Looking to the Hills. . . . . . . . . . . . . . . .      .   .   .   .   .   .   .   .   .   .   .   .   .   .   .   .   .   .   .   p. 349
                  Mountains Round Mount Zion. . . . . . . . .              .   .   .   .   .   .   .   .   .   .   .   .   .   .   .   .   .   .   .   p. 352
                  The Charge of the Watchers in the Temple.                .   .   .   .   .   .   .   .   .   .   .   .   .   .   .   .   .   .   .   p. 355
                  God’s Scrutiny Longed For. . . . . . . . . . .           .   .   .   .   .   .   .   .   .   .   .   .   .   .   .   .   .   .   .   p. 361
                  The Incense of Prayer. . . . . . . . . . . . . .         .   .   .   .   .   .   .   .   .   .   .   .   .   .   .   .   .   .   .   p. 365
                  The Prayer of Prayers. . . . . . . . . . . . . .         .   .   .   .   .   .   .   .   .   .   .   .   .   .   .   .   .   .   .   p. 368
                  The Satisfier of All Desires. . . . . . . . . . .        .   .   .   .   .   .   .   .   .   .   .   .   .   .   .   .   .   .   .   p. 373
                Indexes. . . . . . . . . . . . . . . . . . . . . . . . .   .   .   .   .   .   .   .   .   .   .   .   .   .   .   .   .   .   .   .   p. 377
                  Index of Scripture References. . . . . . . . .           .   .   .   .   .   .   .   .   .   .   .   .   .   .   .   .   .   .   .   p. 377
                  Index of Scripture Commentary. . . . . . . .             .   .   .   .   .   .   .   .   .   .   .   .   .   .   .   .   .   .   .   p. 377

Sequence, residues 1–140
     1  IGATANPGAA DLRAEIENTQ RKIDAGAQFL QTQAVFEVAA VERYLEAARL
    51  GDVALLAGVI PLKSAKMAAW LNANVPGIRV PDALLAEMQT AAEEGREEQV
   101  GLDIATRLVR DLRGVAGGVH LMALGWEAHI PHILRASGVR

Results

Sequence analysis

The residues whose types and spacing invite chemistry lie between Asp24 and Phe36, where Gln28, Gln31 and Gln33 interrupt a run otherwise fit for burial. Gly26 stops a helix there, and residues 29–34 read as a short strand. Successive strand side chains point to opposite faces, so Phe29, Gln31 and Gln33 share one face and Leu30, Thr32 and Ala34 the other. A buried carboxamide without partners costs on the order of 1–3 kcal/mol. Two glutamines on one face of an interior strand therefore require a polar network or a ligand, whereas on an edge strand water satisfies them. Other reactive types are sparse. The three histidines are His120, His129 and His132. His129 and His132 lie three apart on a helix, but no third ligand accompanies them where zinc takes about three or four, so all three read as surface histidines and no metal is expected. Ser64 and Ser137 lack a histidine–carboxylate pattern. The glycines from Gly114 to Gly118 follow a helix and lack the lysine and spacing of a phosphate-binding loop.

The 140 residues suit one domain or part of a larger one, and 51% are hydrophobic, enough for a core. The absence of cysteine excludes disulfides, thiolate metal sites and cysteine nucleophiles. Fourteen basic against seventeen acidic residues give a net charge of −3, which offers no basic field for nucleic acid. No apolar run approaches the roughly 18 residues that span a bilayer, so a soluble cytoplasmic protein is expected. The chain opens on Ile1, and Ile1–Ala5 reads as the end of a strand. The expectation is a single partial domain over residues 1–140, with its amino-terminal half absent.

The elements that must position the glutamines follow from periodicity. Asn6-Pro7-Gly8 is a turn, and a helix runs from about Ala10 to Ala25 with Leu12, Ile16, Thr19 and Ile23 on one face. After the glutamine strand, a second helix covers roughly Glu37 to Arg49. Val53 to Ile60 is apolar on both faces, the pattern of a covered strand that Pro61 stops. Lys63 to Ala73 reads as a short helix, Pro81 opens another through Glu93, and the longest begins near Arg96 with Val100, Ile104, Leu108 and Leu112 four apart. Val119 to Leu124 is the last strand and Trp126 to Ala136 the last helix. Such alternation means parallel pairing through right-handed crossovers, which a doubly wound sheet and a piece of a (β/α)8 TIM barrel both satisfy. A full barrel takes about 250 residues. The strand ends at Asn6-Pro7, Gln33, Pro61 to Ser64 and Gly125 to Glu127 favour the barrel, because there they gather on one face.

Latin Words and Phrases. . . . . . . . . . . .           .   .   .   .   .   .   .   .   .   .   .   .   .   .   .   .   .   .   .   p. 378




                                                             v
Expositions of Holy Scripture: Psalms        Alexander Maclaren




                                        vi
Expositions of Holy Scripture: Psalms                                         Alexander Maclaren




                          EXPOSITIONS OF HOLY SCRIPTURE

                                                   PSALMS

                                                       by


                                        ALEXANDER MACLAREN, D. D., Litt. D.
Expositions of Holy Scripture: Psalms                                            Alexander Maclaren




                                        VOLUME I: PSALMS I to XLIX

                                                     CONTENTS

                BLESSEDNESS AND PRAISE (Psalm i. 1, 2; cl. 6)

                A STAIRCASE OF THREE STEPS (Psalm v. 11, 12)

                ONE SAYING FROM THREE MEN (Psalm x. 6; xvi. 8; xxx. 6)

                MAN’S TRUE TREASURE IN GOD (Psalm xvi. 5, 6)

                GOD WITH US, AND WE WITH GOD (Psalm xvi. 8, 11)

                THE TWO AWAKINGS (Psalm xvii. 15; lxxiii. 20)

                SECRET FAULTS (Psalm xix. 12)

                OPEN SINS (Psalm xix. 13)

                FEASTING ON THE SACRIFICE (Psalm xxii. 26)

                THE SHEPHERD KING OF ISRAEL (Psalm xxiii. 1-6)

                A GREAT QUESTION AND ITS ANSWER (Psalm xxiv. 3)

                THE GOD WHO DWELLS WITH MEN (Psalm xxiv. 7-10)

                GUIDANCE IN JUDGMENT (Psalm xxv. 8, 9)